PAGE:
The Fate of the Dead. Studies on the Jewish and Christian by Richard Bauckham

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By Richard Bauckham

This article offers a suite of experiences which specialize in own eschatology within the Jewish and early Christian apocalypses. The apocalyptic culture, from its Jewish origins until eventually the early center a long time, is studied as a continual literary culture, within which either continuity of motifs and significant adjustments in knowing of existence after demise should be charted. in addition to better-known apocalypses, a lot realization is given to these ignored apocalypses which painting human future after loss of life intimately, resembling the "Apocalypse of Peter", the "Apocalypse of the Seven Heavens", the later apocalypses of Ezra, and the 4 apocalypses of the Virgin Mary. Relationships with Greco-Roman eschatology are explored, and a number of other chapters convey how particular New testomony texts are illuminated via shut wisdom of this practice of principles and pictures of the hereafter.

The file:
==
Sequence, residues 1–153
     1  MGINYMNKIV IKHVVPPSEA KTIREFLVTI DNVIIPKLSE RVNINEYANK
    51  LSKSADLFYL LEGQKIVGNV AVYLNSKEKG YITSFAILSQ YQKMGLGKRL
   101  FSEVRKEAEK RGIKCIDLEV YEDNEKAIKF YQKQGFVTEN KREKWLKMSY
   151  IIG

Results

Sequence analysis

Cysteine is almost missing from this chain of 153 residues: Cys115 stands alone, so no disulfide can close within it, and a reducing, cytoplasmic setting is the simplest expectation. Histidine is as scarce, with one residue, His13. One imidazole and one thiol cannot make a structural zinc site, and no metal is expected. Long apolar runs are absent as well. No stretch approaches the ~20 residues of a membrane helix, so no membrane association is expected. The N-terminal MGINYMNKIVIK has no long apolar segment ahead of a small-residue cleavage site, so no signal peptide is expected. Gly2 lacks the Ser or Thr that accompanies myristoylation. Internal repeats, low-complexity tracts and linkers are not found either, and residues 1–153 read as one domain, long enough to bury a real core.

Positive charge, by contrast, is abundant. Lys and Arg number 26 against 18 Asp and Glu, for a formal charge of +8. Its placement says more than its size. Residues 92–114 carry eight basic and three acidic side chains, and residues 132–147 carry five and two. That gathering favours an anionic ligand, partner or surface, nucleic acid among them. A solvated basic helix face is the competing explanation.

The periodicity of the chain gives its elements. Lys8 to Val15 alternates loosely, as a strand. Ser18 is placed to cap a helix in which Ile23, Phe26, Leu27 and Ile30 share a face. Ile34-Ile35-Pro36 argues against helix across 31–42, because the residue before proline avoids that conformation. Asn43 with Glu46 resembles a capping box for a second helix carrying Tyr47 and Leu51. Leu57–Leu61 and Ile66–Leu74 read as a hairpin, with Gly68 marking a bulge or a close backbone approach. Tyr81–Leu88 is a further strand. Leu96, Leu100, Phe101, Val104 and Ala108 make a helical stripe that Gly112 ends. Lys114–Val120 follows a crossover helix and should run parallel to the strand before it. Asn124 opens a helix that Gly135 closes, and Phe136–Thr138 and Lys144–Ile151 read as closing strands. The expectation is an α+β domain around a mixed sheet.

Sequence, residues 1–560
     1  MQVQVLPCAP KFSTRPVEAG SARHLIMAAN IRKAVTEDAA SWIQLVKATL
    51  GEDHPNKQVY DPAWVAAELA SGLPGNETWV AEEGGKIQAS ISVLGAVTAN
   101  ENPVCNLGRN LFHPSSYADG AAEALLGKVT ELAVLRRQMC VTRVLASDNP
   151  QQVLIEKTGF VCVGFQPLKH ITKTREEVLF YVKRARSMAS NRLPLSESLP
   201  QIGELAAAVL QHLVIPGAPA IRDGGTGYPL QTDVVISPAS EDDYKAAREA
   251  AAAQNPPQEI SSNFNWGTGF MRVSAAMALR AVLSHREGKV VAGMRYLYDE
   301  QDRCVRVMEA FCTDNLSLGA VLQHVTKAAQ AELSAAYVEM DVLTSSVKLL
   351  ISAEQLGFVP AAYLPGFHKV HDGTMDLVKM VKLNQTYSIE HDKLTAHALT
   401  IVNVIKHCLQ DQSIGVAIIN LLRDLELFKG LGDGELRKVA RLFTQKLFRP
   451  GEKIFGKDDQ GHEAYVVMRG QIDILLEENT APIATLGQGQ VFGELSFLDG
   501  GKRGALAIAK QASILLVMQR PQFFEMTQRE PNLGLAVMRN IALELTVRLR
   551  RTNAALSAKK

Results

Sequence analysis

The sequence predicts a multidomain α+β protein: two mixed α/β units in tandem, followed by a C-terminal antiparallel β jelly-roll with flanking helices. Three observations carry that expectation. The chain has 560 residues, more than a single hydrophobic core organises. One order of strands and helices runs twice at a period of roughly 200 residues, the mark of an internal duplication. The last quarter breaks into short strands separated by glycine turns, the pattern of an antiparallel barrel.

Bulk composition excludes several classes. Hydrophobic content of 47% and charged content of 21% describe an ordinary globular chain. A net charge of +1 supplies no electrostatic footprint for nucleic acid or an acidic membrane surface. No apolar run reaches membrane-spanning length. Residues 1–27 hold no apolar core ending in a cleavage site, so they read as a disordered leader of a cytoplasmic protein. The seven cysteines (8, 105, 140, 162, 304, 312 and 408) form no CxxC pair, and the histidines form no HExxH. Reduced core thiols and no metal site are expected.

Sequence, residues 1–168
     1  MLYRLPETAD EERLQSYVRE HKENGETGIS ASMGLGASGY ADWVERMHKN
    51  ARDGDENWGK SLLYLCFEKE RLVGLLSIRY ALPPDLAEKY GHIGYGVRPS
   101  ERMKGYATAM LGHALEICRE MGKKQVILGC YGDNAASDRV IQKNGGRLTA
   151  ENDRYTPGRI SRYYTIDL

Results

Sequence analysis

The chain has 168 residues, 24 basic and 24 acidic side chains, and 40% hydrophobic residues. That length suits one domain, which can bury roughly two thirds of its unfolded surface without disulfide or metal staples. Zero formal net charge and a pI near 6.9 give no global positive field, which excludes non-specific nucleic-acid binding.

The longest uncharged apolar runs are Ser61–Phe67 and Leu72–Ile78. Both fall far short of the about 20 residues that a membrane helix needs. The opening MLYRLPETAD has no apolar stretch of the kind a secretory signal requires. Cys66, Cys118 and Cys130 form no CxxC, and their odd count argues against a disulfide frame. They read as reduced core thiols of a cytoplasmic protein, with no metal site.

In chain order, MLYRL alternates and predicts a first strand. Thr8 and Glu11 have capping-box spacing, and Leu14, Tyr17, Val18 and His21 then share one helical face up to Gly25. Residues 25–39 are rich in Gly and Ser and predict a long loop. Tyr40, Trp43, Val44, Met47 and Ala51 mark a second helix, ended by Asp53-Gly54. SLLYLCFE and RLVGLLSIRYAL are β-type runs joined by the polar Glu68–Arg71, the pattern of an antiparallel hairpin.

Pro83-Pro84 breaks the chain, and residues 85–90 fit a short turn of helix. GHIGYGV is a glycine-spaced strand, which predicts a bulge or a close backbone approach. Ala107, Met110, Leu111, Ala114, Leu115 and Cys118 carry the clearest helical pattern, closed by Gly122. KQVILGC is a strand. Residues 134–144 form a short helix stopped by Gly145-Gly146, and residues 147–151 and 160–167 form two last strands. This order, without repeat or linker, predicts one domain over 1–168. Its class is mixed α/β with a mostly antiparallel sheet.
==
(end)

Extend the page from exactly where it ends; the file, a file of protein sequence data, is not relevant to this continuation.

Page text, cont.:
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40 Cf. also Gregory Nazianzus, Or. 59; and Bolton, Aristeas, 144-146. 49 M. Eliade, Zalmoxis: The Vanishing God (trans. W. R. Trask; Chicago: University of Chicago Press, 1972) 21-61. :lO J. S. Morrison, 'Parmenides and Er,' JHS 75 (1955) 59-68; W. Burkert, 'Das Proomium des Parmenides und die Katabasis des Pythagoras,' Phronesis 14 (1969) 1- 29. DESCENTS TO THE UNDERWORLD VIII 33 JEWISH AND CHRISTIAN APOCALYPSES In the Jewish tradition descents to the underworld are found largely within the apocalyptic tradition, in which they are ascribed to seers of the past such as Enoch, Elijah and Moses.

Ascension of the Soul and its Relevance (EPRO 99; Lciden: Brill, 1983) 38-39. 25 D. L. Page, Literary Papyri, Poetry (vol. 3 of Select Papyri; LCL; London: Heinemann, 1941) 416-421. The description of the descent is unusual, and the account of Hades focuses on gruesome description of mutilated corpses. 26 Lists in Gansehinietz, 'Katabasis,' 2379-2387. CHAPTER ONE old of the next life before being send back. So, although most of the stories we have from antiquity belong to a literary tradition, it is likely that the literary tradition had its origins in stories actually told by people who had had near-death experiences.

The vision itself is not narrated by Kirdlr in the first person; rather he reports the way it was narrated by a group of people (designated in the text by an unknown word) who were presumably visionaries who went into trance, after the performance of a ritual, and told Kirdfr what they were seeing as they experienced it. 12 (For a partial parallel fromJewish Merkavah mysticism, see Hekhalot Rabbati 18:4: the mys10 C( R. Couffignal, 'Le Psaume deJonas aonas 2,2-10): Vne catabase biblique, sa structure et sa function,' Bib 71 (1990) 542-552.

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